|Congressional Ceremony to Commemorate Vietnam Human Rights Day
May 10, 2012
WASHINGTON, D.C. – On Thursday, May 10, 2012, a ceremony on Capitol Hill will call attention to deteriorating human rights conditions in Vietnam. This event, held in the Hart Senate Building (Room H216) from 10:30 a.m. to 2:30 p.m., will commemorate the anniversary of the U.S. HouseSenate Joint Resolution SJ 168 designating May 11th as the Vietnam Human Rights Day.
The event is especially timely given the first steps of democratic changes in Burma in contrast to worsening of human rights violations across Asia. Despite escalating state repression, the people of Asia are encouraged by the movements in the Middle East and North Africa, and are organizing for change. The Capitol Hill ceremony will be attended by delegations from China, Tibet, Laos, and Burma. This year, the event is hosted by Senator John Cornyn from the State of Texas, who has introduced the Vietnam Human Rights Sanction Act in the Senate and co-sponsored by Senator Richard Durbin and Representatives: Frank Wolf, Chris Smith, Gerry Connolly, Ed Royce, Dana Rohrabacher, James Moran, Zoe Lofgren, Loretta Sanchez.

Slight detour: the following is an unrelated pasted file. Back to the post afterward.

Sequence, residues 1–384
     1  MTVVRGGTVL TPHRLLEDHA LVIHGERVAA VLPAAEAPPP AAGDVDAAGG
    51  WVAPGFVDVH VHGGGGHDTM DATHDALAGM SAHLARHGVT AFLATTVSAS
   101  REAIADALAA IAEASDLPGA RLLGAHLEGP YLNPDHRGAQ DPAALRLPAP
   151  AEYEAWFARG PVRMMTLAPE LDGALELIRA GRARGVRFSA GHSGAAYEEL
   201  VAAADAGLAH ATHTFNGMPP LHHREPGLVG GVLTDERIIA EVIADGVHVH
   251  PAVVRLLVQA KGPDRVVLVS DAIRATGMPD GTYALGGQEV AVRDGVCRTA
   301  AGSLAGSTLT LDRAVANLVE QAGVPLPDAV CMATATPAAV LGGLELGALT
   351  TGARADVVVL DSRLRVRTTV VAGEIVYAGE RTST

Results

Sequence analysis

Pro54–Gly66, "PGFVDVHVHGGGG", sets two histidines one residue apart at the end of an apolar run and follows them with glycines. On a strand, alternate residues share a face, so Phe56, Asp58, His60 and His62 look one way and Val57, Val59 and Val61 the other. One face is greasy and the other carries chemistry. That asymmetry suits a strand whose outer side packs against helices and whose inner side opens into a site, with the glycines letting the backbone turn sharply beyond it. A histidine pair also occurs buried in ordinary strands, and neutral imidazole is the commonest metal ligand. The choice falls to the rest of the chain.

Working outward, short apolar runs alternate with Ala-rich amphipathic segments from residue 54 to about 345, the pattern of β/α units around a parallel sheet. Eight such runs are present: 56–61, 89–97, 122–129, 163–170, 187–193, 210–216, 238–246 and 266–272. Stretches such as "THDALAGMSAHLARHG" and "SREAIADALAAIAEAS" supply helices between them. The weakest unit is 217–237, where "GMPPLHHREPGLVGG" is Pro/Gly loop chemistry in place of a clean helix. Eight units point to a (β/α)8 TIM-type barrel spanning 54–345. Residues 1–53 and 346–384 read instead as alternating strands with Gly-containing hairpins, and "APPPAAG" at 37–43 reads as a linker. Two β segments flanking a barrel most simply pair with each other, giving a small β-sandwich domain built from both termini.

Speakers include Senators and Representatives from both parties. The agenda also features Mr. Daniel Baer, Deputy Assistant Secretary of Bureau of Democracy, Human Rights, and Labor, Department of State; Ms. Libby Liu, President, Radio Free Asia; Mr. Charles Goolsby, Director of Policy, Board of Governors of Broadcasting; Professor Sen Nieh, President of the Epoch Times – Washington DC; Louisa Coan Greve, Vice-President, National Endowment for Democracy; Rupert Abbott, Amnesty International London; Maran Turner, Executive Director of Freedom Now; John Sifton, Asia Advocacy Director of Human Rights Watch; Scott Flipse, International Committee for Religious Freedom; Albert Santoli, President of Asia America Initiative; Prime Minister Sein Winn, Burmese Government in Exile; Jun Wang, President of the China Democracy Party, China Democracy Journal and China Democracy Forum; and Dr. Richard Saisomorn, President of the Laotian New Generation Democracy Movement.